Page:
These are all sizable, yet delicate, balances to find. But for me, the answer was to find a community that not only respected my chosen lifestyle, but bouyed it up through support and a commonality of belief.

When I first moved to the Washington, D.C. area, however, such a community was not something I expected. Within months, however, I made friends who held the same beliefs I did -- which was almost entirely a brand-new experience. And that small group has expanded over the last five years, to where I now have an extended community of hundreds of friends and acquaintances across the D.C. area and beyond... all of whom do their part in holding each and every other person accountable.

So that was the first, and more important, part of how to have the important "I'm waiting until marriage" conversation: Find a community where this belief system was acceptable, and where moral reinforcement abounds.

This also means that instead of strategizing how to bring up sexual abstinence, I can now step into a date knowing that we're on the same page. (Ironically, the problem now is the exact opposite of what I experienced prior to coming to D.C. Apparently, I'm supposed to be in love with someone before asking her on a date! Who knew?)

Okay, so now I'm around people who are helping me to be both abstinent and chaste. But I'm still single! Wasn't chastity supposed to bring me the joys of sex in marriage, as long as I worked really hard at not violating Christ's admonition to avoid lust?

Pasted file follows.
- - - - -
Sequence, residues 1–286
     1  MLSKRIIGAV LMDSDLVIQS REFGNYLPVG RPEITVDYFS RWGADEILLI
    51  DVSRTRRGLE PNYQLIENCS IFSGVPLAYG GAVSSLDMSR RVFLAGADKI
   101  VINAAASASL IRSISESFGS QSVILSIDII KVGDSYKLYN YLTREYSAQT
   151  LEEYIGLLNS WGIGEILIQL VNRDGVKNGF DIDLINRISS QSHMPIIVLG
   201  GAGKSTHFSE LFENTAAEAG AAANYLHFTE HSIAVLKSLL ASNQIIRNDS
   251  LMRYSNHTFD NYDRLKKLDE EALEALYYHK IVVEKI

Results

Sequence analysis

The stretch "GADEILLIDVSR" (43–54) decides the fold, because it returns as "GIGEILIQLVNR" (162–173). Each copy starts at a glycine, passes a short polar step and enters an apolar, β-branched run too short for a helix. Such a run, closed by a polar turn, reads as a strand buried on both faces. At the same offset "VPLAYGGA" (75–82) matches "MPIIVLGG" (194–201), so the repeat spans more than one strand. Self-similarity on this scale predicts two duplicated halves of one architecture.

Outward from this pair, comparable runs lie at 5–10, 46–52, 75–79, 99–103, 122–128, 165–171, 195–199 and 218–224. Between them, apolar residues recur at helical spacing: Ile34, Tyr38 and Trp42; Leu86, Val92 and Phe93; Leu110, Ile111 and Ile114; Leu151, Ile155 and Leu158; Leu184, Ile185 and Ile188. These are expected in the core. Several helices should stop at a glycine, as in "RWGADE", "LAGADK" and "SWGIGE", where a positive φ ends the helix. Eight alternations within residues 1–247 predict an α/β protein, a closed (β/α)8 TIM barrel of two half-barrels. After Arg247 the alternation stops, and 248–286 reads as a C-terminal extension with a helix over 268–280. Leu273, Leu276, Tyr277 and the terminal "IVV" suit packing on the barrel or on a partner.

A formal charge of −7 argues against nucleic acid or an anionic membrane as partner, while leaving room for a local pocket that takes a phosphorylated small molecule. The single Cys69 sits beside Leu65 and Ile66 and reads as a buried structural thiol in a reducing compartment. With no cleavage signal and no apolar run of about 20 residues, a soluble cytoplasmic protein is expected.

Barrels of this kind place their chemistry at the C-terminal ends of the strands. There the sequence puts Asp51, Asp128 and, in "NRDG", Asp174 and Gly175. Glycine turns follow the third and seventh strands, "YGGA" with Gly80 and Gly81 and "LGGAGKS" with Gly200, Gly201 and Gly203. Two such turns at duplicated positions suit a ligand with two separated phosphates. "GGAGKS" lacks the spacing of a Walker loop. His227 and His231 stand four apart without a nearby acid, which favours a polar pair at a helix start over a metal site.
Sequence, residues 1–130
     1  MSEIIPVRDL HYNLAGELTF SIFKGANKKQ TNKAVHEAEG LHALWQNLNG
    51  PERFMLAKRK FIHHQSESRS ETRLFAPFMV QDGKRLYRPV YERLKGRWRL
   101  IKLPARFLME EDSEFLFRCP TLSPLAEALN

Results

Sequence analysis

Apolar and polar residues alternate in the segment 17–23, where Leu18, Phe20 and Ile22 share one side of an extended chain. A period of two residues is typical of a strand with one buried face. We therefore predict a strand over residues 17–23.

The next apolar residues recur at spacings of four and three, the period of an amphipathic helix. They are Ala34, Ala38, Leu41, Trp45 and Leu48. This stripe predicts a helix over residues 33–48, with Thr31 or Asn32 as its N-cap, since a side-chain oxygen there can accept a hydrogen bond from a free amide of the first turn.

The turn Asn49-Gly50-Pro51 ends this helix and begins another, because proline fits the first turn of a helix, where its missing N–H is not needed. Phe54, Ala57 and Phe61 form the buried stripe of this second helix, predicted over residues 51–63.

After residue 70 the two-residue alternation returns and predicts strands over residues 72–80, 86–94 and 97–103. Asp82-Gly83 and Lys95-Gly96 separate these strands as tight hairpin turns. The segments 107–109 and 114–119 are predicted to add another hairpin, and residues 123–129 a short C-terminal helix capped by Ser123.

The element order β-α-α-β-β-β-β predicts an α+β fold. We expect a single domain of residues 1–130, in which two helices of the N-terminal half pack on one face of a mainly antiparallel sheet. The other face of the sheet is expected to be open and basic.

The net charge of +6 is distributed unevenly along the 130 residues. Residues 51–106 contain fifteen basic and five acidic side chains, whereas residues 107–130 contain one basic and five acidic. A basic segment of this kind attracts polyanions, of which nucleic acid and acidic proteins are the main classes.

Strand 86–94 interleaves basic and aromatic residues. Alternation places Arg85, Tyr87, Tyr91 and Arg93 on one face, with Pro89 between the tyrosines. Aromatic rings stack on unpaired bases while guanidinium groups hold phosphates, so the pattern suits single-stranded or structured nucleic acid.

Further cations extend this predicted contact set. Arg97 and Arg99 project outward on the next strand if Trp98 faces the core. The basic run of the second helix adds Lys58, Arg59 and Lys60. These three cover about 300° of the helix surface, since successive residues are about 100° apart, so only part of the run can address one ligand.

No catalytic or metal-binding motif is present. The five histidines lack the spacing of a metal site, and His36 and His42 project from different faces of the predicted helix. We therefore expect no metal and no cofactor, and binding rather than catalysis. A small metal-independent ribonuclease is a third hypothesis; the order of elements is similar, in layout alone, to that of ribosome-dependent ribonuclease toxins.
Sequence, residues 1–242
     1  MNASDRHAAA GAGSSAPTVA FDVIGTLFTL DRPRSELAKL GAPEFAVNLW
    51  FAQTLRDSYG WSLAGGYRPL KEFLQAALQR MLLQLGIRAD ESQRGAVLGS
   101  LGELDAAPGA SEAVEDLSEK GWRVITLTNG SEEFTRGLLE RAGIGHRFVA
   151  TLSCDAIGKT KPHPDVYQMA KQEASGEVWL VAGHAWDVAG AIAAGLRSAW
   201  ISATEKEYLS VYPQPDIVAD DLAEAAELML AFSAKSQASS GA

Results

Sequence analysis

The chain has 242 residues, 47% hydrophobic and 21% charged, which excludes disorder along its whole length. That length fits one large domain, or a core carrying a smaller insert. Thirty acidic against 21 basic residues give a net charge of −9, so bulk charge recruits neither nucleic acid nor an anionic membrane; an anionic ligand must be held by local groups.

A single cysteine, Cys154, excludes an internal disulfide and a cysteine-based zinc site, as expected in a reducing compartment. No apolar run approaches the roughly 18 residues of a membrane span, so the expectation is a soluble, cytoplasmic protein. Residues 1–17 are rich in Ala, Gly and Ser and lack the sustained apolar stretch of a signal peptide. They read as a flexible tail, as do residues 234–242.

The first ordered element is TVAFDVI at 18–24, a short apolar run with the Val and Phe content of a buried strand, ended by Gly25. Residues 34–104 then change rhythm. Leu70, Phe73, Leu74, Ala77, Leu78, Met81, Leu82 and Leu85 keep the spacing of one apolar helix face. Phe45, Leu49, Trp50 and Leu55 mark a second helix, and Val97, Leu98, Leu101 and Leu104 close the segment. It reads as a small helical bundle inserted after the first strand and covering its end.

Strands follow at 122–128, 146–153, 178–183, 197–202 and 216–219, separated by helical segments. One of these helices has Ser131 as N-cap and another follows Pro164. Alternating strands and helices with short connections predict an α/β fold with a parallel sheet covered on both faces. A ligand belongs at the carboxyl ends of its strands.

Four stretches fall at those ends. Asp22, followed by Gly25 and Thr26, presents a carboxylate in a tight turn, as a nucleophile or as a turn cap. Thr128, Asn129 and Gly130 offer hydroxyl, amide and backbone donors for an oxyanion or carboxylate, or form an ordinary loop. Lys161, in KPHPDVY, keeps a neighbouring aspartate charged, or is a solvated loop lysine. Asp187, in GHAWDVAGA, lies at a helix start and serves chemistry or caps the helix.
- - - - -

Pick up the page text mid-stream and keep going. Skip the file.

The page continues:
The answer is: not necessarily. It may not be God's plan for me to married now, or ever. And while this has become increasingly difficult to accept, especially as I watch friends and both of my younger siblings wed, it's the most important part of maintaining a chaste mind and body: being at peace with God's timeline, not my own.

As Burkhardt wrote, regarding why she's still a virgin, "[a] long time ago I was taught -- and chose to believe -- that love and sex are intertwined in such a way that to separate them would be to lessen their value. When it comes to my decision to stay a virgin until marriage -- to hold out for that one-time-only chance to fully connect with and know and love another person -- I want to make sure it's the right man."

Switch "man" for "woman," and Burkhardt has largely outlined why I'm abstinent, though as I've noted elsewhere my reasons have evolved beyond simply reciting what others tell me. After all, God's singular path for sexuality isn't just some pie-in-the-sky, esoteric concept that requires a departure from evidence-based reality. There are countless earthly benefits of abstaining from sexual relations until marriage.

To be fair, federal data analyzed by Dr. Pat Fagan of the socially conservative Family Research Council shows that abstinence until marriage is not the key factor to a successful marriage, but rather having one sexual partner for life -- whether sexual relations began prior to, or after, marriage. Personally, I'd rather listen to God than my occasional overabundance of testosterone -- less risk that way, both here and in the afterlife.